A former king of the town of Savatthi, ordered all his blind subjects to be assembled and divided into groups. Each group was then taken to an elephant and introduced to a different part of the animal- the head, trunk, legs and so forth. Afterwards, the King asked each group to describe the nature of the beast. Those who had made contact with the head described an elephant as a water pot; those familiar with the ears likened the animal to a winnowing-basket; those who had touched a leg said an elephant was like a post, and those who had felt the tusk insisted the elephant was shaped like a peg. The groups then fell to arguing amongst themselves each insisting its definition was correct and all the others were wrong.
Many of us act as the blind men investigsting the elephant. Wherever we were brought up has influenced us in a huge way. Who are parents were, how they treated us and any beliefs they had shaped our lives too. Our experiences through childhood, school and young adult life put the finishing touches on the person we were to become and how we would impact the world.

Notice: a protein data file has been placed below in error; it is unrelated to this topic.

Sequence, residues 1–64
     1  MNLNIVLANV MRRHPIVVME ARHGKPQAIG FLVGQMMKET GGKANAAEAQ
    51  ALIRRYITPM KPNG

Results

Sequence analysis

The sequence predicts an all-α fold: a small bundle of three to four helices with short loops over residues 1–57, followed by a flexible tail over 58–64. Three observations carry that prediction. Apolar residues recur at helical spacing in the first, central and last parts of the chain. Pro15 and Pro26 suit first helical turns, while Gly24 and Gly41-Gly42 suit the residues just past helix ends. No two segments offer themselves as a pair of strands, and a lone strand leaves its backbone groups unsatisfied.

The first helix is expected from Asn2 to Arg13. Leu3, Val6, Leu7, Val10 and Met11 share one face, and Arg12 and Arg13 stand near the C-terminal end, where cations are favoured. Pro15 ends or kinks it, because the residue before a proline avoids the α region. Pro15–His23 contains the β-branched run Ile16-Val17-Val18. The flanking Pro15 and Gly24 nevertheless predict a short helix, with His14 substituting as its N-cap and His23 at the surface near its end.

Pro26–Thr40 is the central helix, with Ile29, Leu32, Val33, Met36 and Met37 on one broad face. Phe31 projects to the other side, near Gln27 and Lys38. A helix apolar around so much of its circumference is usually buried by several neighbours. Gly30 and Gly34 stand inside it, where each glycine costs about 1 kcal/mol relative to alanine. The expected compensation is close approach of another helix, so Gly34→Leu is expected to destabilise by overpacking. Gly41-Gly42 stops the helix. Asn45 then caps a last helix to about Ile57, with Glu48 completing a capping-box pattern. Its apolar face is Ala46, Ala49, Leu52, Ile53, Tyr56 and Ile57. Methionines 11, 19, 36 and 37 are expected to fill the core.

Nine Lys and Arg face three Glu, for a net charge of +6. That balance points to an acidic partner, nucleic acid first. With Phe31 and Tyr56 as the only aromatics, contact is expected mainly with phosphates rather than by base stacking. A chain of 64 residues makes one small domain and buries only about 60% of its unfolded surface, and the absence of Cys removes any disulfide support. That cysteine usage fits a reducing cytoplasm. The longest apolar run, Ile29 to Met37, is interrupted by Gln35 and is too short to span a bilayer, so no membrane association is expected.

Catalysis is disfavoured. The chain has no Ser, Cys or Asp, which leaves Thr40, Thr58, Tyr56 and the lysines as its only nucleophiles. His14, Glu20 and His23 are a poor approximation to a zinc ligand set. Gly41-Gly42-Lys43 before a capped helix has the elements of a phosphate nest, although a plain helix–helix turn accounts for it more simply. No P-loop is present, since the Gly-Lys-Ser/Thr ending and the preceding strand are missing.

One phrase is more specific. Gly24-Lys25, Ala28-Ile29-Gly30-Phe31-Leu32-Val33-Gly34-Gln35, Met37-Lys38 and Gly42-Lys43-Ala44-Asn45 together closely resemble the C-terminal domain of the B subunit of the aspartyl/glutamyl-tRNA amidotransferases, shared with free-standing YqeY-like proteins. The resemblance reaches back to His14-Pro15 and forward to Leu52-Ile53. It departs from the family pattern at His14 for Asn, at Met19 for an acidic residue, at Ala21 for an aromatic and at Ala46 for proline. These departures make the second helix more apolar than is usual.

In different cultures children are brought up to see and understand in different ways, which is why unfamiliar customs often seem curious or strange to outsiders but quite natural to members of the culture concerned. When dealing with people from other cultures it’s easy to project our own beliefs and associations upon them, oftentimes knowing absolutely nothing about them.
The world is changing, the world is getting smaller. Countries are becoming diversified and individuals are able to live and work where they choose, or where ever is best for their families. If we are closed minded and cling to our own view of the elephant without realising the whole, we will breed seperateness and division.
If, on the other hand, we see ourselves in everyone who we meet and interact with, recognising them as a human, rather than labelling them because of their skin colour, culture, place of birth, sexual preference etc, we can bring unity and togetherness into the world. This is ultimately remembering that there exists a whole elephant, not just the part of the elephant that we were in touch with while we were growing up.
Let’s cultivate community and togetherness. Anyone you interact with likely has similar troubles, problems and worries as yourself. We should remember the similarities between us, rather than exacerbating the differences.